Motherhood is a whole developmental stage, and yet we have this idea it’s supposed to be natural and easy and obvious, and that it happens overnight when the baby is born. But really there’s a whole process of renegotiating and reworking your own narrative to get to a healthy place where you can successfully and comfortably mother a child. It’s one of those things: It’s not like you have to take a course on it to do it well, but Motherhood 101 wouldn’t be such a bad idea.


Q
In new motherhood, a lot of women find themselves lacking social, emotional, and practical support. What helps?
A

Isolation and loneliness are very big concerns for new moms. In America, there’s not always a whole lot of intergenerational support; we move away from home a lot more than people in other cultures do, and we have kids later. That culture is great for women for many reasons—independence, education, financial stability, career development, and so much else—but it leaves a lot of new mothers without enough support. It has not been normal, in the course of history, to be alone and do this all by yourself. And it’s hard.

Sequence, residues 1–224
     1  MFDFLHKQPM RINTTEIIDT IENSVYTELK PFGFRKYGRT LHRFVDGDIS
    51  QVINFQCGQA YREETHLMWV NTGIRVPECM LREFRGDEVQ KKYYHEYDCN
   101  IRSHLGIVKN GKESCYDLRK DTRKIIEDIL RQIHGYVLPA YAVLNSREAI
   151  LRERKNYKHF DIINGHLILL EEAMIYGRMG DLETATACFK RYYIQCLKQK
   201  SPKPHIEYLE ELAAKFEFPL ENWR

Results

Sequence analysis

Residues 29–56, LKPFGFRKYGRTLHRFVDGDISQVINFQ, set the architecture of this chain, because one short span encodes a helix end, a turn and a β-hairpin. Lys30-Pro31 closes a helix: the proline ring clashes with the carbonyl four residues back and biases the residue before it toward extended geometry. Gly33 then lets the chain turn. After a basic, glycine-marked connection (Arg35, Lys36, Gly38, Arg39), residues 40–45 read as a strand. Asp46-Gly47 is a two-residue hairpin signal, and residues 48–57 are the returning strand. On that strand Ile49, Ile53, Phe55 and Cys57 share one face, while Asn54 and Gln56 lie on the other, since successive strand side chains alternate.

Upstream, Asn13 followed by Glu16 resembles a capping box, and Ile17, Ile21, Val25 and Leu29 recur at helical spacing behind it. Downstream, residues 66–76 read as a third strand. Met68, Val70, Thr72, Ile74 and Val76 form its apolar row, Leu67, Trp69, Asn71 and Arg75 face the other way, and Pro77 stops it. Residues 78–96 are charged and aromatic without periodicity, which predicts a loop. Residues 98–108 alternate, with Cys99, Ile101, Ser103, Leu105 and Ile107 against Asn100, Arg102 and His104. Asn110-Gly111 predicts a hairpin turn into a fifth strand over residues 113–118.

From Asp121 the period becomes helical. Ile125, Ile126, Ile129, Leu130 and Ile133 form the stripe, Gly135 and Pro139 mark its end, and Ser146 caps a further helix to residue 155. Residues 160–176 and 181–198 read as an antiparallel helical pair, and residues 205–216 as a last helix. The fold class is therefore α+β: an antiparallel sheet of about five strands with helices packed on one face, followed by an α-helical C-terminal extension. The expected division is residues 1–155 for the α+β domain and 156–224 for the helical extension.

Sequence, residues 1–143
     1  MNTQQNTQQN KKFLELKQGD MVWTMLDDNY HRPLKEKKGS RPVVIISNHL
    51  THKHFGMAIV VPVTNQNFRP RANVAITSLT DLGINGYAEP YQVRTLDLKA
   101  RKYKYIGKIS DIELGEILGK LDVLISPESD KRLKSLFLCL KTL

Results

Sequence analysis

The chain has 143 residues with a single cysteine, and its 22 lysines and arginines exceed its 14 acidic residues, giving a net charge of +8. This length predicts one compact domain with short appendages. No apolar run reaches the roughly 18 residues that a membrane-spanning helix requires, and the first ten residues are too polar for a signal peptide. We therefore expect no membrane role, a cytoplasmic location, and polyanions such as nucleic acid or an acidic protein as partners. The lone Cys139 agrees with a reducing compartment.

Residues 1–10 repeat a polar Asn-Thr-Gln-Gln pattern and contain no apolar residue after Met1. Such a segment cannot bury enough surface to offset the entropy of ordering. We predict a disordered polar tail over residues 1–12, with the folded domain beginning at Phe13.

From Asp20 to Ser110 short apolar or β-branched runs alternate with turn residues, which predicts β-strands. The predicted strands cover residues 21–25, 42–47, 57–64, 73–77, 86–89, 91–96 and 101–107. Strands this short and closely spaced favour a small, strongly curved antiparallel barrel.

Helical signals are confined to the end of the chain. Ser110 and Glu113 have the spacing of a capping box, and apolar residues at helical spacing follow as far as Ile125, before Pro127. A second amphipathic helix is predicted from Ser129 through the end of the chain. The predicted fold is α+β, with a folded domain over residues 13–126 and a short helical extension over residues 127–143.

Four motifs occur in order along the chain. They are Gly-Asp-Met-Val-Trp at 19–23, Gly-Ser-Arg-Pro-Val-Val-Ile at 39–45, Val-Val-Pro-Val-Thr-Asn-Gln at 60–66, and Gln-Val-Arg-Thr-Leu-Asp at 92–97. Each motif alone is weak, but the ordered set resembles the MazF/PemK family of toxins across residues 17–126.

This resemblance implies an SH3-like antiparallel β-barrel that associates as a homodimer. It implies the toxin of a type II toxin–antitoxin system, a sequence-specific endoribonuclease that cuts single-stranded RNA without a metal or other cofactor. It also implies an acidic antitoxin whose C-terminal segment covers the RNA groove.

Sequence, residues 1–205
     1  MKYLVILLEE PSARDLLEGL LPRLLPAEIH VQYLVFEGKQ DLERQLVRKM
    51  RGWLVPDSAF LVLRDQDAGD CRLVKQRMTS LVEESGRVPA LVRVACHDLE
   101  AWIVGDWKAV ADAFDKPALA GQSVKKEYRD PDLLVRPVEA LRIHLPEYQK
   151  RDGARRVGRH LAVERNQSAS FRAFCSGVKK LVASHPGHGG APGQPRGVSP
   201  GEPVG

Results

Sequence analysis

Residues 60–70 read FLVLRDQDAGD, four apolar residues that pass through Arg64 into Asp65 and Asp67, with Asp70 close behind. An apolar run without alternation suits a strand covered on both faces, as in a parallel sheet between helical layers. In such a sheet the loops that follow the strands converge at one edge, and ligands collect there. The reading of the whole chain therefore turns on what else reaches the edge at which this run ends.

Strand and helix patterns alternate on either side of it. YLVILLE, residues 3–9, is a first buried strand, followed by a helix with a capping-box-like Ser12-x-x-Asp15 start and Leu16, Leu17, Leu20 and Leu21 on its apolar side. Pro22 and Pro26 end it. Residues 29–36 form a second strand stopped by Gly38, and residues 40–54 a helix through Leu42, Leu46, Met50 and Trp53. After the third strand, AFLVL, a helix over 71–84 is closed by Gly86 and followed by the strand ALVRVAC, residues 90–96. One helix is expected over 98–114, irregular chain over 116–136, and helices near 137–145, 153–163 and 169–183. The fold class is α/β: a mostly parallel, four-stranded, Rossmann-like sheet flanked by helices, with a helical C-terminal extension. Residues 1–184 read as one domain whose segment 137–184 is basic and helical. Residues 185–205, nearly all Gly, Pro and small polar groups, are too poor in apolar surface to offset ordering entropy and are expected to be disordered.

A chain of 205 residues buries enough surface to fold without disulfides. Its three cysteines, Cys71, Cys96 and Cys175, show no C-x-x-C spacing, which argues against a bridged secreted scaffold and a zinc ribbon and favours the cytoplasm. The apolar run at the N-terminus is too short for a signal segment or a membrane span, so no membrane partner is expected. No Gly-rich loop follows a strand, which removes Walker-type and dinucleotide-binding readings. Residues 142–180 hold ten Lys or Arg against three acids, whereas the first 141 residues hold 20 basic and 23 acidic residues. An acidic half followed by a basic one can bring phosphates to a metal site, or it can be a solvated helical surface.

It gets better when you find a peer group of parents and nurture relationships within that cohort. That starts with simple things: mommy-and-me classes, playdates, getting out of the house. And then when your kids start school, in particular, you really start to move with the same group of families. When my own kids started kindergarten, I met other parents who became part of my new friend group. And those relationships have lasted for years—even when the kids outgrew each other. It’s so interesting; you make friends with people you never would have been friends with otherwise, but you bond by virtue of similar circumstances. And that becomes your family and your village.


Q
On the other side of the coin, you’ve noticed how powerful and hurtful competition among mothers can be. What’s a better approach?
A

Competition is in some ways natural and normal, but I think that when you’re among your mommy peers, there can be a particularly pernicious kind of competitive experience. It’s the question of “Do I measure up?” And when people feel insecure, they tend to not be that nice. For moms, that insecurity comes out in parenting judgments: Oh, you have that stroller? You’re not breastfeeding? You work? You don’t?